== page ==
First: Stay focused on the finish. Paul wrote in Philippians 3:12: One thing I do: forgetting what lies behind and straining forward to what lies ahead, I press on toward the goal for the prize of the upward call of God in Christ Jesus.
We could look at it this way through reverse engineering. What do you want your epitaph to say? The wonderful and powerful Ruth Graham, wife of Billy Graham, ordered her own tombstone to read: “RUTH GRAHAM End of construction. Thank you for your patience.”
What you do in life becomes history. What you put into motion becomes legacy.
How do you want to finish your life? Keep that as a focus. It’s the same as teaching children to play basketball. When they begin, they look only at the ball. They must be taught to lift their eyes, to see where they are going and focus on the basket.
The power of the life of Jesus Christ, in His masculinity and humanity, was His focus. He never wavered from His identity and His task. Not one time, for a moment. To be like Jesus is to focus, to cut away the distractions and disappointments that so easily hinder us.
Second: Keep walking. Don’t stop, don’t panic. If you fall, pick yourself up in His strength and keep walking. Jesus was never in a panic. The disciples were, however, many times. Jesus came as the “Prince of Peace” not the “Prince of Panic.” My father taught, “Failure isn’t fatal, quitting is. A champion is not one who never fails, but one who never quits.”
The Bible tells us that there will be difficulties, but that God is our strength. We need endurance. Don’t quit! “For every child of God defeats this evil world, and we achieve this victory through our faith” (1 John 5:4).
We are in a battle. The enemy wants to destroy you and wipe you out. This is not some little slap fight. This is hand-to-hand mortal combat with only one left standing—let it be you!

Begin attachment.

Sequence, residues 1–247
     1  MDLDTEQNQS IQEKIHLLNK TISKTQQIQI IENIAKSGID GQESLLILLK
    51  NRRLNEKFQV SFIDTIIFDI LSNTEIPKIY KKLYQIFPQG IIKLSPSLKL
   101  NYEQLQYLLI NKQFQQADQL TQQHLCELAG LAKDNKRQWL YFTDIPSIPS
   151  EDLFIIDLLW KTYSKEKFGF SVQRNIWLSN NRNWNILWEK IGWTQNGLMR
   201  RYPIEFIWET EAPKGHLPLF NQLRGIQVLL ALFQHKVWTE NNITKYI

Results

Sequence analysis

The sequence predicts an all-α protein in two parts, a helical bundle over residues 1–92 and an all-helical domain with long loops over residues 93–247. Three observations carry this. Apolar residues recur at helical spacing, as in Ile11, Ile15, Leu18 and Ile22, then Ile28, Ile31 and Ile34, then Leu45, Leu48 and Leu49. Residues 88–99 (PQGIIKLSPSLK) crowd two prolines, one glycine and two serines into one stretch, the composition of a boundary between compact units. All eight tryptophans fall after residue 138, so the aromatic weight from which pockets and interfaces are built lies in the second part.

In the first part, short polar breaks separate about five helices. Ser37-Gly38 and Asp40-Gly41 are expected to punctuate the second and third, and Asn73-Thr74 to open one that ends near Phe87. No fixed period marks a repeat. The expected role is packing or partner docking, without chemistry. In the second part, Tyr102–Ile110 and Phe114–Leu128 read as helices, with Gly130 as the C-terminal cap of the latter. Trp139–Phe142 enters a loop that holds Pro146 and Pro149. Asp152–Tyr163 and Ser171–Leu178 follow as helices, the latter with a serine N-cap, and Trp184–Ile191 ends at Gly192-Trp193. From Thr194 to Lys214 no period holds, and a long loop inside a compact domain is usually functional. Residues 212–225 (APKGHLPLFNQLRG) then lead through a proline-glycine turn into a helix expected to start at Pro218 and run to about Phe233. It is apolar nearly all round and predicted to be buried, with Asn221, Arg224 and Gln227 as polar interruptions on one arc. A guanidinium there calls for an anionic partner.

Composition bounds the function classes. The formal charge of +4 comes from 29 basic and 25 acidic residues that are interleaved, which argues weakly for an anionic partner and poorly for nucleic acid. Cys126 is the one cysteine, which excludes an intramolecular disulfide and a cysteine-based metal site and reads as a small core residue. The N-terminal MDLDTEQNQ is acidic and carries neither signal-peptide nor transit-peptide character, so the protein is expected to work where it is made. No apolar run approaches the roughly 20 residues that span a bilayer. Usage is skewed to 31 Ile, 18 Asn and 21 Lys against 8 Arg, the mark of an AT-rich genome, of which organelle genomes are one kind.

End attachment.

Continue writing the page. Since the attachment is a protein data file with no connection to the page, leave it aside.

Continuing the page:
Three: We must maintain intimacy with God. Gideon lost his intimacy. He tore down the altar of Baal, but by the end of his life, he created an image to worship in his hometown. He worshipped the acts of God, not God personally, intimately, Himself.
We were created by God to be intimate with Him. He created everything that exists by His Word, but for us, He formed us with His hands, then leaned close and breathed His breath into us. We were made to come alive in His presence.
Prayer produces intimacy. Intimacy and worship are learned corporately but practiced privately.
King David wrote: “When You said, ‘Seek My face,’ my heart said to You, ‘Your face, O Lord, I shall seek’” (Psalms 27:8).
So important is intimacy with God, that Jeremiah said, “the shepherds are stupid and do not inquire of the Lord” (Jeremiah 10:21).
Gideon was a powerful man who began to live on his past victories. He was ready just to “do church” the way they always did it. And when he died, everything he had worked for, sacrificed for, wept over…was gone.
Victory is always on the other side of a fight. There are always obstacles and battles, but when we focus, keep walking, stay intimate—in other words, follow Christ with all of our hearts—we can finish life strong.
Paul Louis Cole is President of the Christian Men’s Network Worldwide and Founding Pastor of C3 Church in Dallas, Texas. CMN is active in 138 nations, connecting over 86,000 leaders. Paul writes, speaks and travels extensively encouraging and advancing the men’s movement around the world.Paul has been a business owner, global marketing consultant and award winning television/film producer for over 30 years… and he has a lifetime membership at Starbucks. You can read his blog at www.paullouiscole.com.